December 2 is literally around the corner and Emirates is supposed to take delivery of its first Rolls-Royce powered A380. But it looks like this might not occur on the date. News out November 18th suggests that Rolls-Royce has not met its contractual obligations.
Sir Tim Clark, president of Emirates, is not a man to be trifled with. He has built the airline’s remarkable success on the A380. He is committed to the aircraft, and it is the cornerstone of the airline’s plans to move pretty much all major traffic flows over Dubai. At a media meeting in Berlin on the 18th he was unequivocal “We want the engines as prescribed in the contract”.
Sir Tim gave no details. But there are apparently technical issues that need fixing.
Rolls-Royce pushed to win Emirates as a customer and secured a deal to power… Continue reading
Looking at the numbers through October 2016, we have the following table.
The -8 accounts for 66% of the 480 delivered 787s. Last week the 500th 787 was seen in Seattle, being made ready for Air France. GE has a big lead on the -8, with 67%. However we can see once the -9 hit the market, interest in the -8 has fallen off considerably. (One wonders, how big an issue has A330 pricing become?) Interest in the -9 has been strong. There has also been a distinct switch in engine interest moving to the -9 with Rolls-Royce leads with just over half the market. This is an excellent result given that Rolls-Royce does not have access to a strong finance arm as GE does.
Boeing is churning out 787s at a remarkable clip. Production looks like being over 115% higher this… Continue reading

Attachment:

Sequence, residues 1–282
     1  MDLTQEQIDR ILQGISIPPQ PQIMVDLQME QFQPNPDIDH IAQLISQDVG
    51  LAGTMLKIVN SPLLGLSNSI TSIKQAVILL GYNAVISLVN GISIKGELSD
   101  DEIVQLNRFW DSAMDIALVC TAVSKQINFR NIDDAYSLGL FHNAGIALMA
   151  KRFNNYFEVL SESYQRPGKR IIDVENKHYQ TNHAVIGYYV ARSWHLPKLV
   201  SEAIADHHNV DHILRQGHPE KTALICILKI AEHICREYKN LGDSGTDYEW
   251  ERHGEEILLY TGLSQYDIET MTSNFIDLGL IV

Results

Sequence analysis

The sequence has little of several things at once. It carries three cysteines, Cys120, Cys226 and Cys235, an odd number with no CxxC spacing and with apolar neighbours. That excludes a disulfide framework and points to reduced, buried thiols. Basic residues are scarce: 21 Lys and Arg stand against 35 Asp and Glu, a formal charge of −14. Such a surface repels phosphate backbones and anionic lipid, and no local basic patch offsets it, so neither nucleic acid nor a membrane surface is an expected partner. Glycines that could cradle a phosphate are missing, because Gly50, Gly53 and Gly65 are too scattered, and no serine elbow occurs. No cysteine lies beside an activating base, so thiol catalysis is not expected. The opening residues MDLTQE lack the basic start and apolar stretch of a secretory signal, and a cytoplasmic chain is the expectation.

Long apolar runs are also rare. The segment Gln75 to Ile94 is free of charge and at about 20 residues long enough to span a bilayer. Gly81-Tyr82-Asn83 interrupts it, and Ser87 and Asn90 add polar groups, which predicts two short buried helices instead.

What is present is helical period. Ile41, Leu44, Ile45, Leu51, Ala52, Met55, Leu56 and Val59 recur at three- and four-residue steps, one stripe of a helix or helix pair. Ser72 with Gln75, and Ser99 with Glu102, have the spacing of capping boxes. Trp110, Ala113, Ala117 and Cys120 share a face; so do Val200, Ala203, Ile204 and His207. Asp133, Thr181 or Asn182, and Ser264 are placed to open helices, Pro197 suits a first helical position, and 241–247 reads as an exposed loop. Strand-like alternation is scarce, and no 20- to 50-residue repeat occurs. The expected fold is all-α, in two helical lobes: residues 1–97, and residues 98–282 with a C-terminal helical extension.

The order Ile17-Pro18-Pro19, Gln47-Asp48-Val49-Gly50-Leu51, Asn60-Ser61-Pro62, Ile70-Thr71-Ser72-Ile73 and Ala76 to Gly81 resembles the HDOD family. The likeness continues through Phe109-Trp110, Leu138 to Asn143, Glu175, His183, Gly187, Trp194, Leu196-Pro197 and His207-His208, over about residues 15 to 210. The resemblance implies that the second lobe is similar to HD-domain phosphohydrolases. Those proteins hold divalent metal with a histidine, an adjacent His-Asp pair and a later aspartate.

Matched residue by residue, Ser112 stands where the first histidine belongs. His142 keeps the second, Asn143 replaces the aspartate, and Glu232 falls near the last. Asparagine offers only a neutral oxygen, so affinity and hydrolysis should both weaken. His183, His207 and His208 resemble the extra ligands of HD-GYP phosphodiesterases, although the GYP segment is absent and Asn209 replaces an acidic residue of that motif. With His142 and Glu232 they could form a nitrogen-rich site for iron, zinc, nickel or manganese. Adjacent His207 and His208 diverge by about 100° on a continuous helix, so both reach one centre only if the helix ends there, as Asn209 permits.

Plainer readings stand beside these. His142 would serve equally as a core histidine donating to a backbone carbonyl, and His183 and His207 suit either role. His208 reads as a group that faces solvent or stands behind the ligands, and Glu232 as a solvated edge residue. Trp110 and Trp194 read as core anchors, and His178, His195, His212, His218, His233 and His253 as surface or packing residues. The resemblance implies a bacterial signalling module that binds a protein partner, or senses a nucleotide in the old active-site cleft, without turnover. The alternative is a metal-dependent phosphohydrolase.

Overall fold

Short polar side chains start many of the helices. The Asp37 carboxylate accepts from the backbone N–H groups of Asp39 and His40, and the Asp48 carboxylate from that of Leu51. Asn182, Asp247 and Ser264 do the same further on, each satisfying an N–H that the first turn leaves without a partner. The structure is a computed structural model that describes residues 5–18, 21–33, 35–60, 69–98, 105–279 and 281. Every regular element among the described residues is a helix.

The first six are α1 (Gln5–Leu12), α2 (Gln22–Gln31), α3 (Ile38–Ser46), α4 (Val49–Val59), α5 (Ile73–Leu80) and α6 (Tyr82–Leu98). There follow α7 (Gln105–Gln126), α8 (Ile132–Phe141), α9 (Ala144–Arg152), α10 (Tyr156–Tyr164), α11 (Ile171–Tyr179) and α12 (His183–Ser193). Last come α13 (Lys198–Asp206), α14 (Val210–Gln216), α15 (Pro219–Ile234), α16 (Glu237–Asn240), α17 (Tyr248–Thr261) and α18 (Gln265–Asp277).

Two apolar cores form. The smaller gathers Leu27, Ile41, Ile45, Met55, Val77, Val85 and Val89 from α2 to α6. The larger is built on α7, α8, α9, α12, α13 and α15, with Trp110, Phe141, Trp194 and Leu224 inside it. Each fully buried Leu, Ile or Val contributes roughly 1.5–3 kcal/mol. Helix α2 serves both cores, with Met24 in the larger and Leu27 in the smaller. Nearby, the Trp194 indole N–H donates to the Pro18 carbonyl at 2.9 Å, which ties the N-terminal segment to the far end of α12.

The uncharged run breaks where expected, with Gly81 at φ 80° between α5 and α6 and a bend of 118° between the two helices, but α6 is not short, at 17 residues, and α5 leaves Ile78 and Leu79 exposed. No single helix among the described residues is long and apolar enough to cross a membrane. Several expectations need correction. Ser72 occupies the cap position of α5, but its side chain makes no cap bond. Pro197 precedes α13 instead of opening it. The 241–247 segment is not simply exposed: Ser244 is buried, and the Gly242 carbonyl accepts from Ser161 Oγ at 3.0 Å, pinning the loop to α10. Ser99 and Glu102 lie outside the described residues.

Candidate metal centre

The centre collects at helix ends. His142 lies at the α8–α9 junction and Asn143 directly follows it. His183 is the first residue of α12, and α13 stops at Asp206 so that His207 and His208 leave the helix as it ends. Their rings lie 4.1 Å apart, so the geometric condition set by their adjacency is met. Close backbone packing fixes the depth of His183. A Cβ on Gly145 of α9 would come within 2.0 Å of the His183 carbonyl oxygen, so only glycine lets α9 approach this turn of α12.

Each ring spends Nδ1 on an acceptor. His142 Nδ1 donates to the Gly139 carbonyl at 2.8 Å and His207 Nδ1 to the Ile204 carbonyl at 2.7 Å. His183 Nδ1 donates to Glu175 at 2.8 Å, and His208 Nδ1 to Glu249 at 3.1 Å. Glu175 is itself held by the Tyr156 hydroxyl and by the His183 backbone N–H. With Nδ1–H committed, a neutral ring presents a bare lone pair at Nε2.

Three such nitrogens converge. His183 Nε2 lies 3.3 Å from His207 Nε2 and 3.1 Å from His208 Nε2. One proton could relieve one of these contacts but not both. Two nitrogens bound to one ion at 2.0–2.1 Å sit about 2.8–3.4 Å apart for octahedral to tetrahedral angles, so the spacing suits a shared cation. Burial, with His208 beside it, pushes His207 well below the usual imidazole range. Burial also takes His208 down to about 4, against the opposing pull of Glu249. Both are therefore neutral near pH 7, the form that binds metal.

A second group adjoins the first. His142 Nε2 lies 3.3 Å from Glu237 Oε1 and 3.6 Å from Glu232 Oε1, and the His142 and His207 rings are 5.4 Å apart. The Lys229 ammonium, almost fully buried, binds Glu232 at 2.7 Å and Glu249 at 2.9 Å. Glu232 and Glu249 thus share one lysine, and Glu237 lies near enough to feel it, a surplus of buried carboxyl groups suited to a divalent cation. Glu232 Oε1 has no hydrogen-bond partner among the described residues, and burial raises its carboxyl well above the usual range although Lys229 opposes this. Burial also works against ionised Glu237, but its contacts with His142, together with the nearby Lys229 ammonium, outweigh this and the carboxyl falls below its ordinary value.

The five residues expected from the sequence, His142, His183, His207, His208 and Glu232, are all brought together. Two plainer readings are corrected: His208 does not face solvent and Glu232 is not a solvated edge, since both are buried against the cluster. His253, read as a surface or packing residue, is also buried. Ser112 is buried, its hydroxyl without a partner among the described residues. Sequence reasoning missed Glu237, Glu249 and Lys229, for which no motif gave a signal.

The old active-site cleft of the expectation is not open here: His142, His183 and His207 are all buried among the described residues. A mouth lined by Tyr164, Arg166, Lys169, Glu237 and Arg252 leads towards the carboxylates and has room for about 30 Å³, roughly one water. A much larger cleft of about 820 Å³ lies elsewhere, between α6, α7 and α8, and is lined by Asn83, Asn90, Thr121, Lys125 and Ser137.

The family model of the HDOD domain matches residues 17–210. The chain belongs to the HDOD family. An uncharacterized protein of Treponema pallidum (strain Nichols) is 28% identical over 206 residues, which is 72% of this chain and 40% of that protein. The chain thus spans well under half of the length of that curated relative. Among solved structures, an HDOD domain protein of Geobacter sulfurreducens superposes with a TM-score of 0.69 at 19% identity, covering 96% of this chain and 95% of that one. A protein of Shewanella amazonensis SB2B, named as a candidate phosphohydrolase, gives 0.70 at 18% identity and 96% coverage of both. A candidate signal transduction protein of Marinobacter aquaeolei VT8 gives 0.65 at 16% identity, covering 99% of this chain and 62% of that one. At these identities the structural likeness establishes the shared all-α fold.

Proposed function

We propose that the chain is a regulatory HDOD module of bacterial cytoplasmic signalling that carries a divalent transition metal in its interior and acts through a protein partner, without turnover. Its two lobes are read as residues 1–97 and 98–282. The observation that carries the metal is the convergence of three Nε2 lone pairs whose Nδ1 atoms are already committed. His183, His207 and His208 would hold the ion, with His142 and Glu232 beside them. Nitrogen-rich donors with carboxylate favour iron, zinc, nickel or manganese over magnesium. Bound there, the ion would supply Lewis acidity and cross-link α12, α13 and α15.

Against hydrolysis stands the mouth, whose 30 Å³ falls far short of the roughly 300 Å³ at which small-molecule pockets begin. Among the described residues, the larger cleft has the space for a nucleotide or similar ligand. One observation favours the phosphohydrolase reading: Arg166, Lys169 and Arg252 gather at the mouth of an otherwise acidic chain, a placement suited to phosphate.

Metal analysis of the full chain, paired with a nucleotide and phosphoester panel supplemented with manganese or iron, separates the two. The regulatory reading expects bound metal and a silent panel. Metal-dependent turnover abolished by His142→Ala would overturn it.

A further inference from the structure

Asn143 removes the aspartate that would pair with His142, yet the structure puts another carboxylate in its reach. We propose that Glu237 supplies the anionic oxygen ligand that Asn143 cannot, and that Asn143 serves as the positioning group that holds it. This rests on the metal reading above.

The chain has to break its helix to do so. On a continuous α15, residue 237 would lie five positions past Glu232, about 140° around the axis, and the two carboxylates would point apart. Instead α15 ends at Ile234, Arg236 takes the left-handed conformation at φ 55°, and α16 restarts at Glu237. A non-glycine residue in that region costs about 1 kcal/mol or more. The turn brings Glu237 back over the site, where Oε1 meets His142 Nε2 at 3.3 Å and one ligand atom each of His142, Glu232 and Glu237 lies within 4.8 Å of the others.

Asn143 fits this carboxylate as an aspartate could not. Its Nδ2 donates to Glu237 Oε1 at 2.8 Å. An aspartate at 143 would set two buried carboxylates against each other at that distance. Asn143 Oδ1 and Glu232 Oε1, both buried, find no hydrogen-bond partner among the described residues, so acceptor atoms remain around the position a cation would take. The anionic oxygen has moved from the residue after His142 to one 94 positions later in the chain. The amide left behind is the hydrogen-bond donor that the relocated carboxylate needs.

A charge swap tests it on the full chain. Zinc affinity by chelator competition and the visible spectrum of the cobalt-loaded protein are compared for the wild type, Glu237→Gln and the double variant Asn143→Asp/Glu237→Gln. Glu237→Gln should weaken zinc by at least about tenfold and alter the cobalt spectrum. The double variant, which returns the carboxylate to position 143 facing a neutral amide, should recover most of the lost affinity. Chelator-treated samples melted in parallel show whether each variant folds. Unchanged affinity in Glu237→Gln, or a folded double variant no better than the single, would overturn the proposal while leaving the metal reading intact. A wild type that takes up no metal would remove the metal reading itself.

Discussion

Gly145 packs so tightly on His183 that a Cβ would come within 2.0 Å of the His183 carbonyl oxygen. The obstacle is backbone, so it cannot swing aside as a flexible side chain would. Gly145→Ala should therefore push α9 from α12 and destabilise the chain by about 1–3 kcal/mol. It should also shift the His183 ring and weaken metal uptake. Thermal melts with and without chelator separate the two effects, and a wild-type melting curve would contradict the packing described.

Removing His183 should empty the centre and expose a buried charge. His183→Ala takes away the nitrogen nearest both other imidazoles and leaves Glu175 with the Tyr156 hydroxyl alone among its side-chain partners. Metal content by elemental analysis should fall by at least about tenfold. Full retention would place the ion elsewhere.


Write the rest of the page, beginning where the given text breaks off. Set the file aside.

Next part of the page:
GE has been at the forefront of additive manufacturing for a while. Though not alone in seeing the benfits from this technology, GE is touting an interesting example of what this means. They explain that their new ATP has 855 parts eliminated because of additive manufacturing.
To date Textron has been the only OEM to select this engine for their forthcoming Cessna Denali, which is aimed at the Pilatus PC-12. There had been rumors that Textron might have another announcement at NBAA but this did not happen. Continue reading
News this week about Singapore Airlines not renewing the lease on its first A380 has caused a flutter. The considered opinion is that this is another piece of bad news for the Airbus program. The Wall Street Journal has this view: “But it is another symbolic hit for the double-deck aircraft, for which Airbus has struggled to find customers after investing about $15 billion to develop.”
The news that Malaysian is also offloading its A380s is seen as bad news. But we believe this is not to be a reflection on the aircraft, but more a case of the airline not having the traffic and ability to exploit the A380. Back in 2003, Malaysia was pressed for a quid quo pro to allow its seafood products to have unrestricted access to the EU. While there were no direct links to an A380 order,… Continue reading
Airbus has reported its O&D through August. (Boeing only has data through July for download as of today) Taking a look a the Airbus numbers highlights some important issues. Continue reading
Problems with fatigue cracking resulting from sulfidation corrosion is plaguing the Trent 1000 engines utilized by 169 Boeing 787 aircraft. Since February, there have been three “engine incidents” at All Nippon Airways, the first and most experienced operator of the Boeing 787. The first two, in February and March, were on international operations, but the most recent occurred in domestic operations between Tokyo Haneda and Miyazaki.
Rolls-Royce and ANA had a program in place to replace blades on international routes, and because of altitude and hotter running engines, felt it was unlikely to occur on domestic flights. Proven wrong in that assumption, with the same irregularities developing, ANA was forced to adopt the early replacement program to its domestic operations as well.
Over the next three years, Rolls-Royce will replace all Trent 1000 intermediate pressure turbine blades, and airlines will replace blades impacted by corrosion with new… Continue reading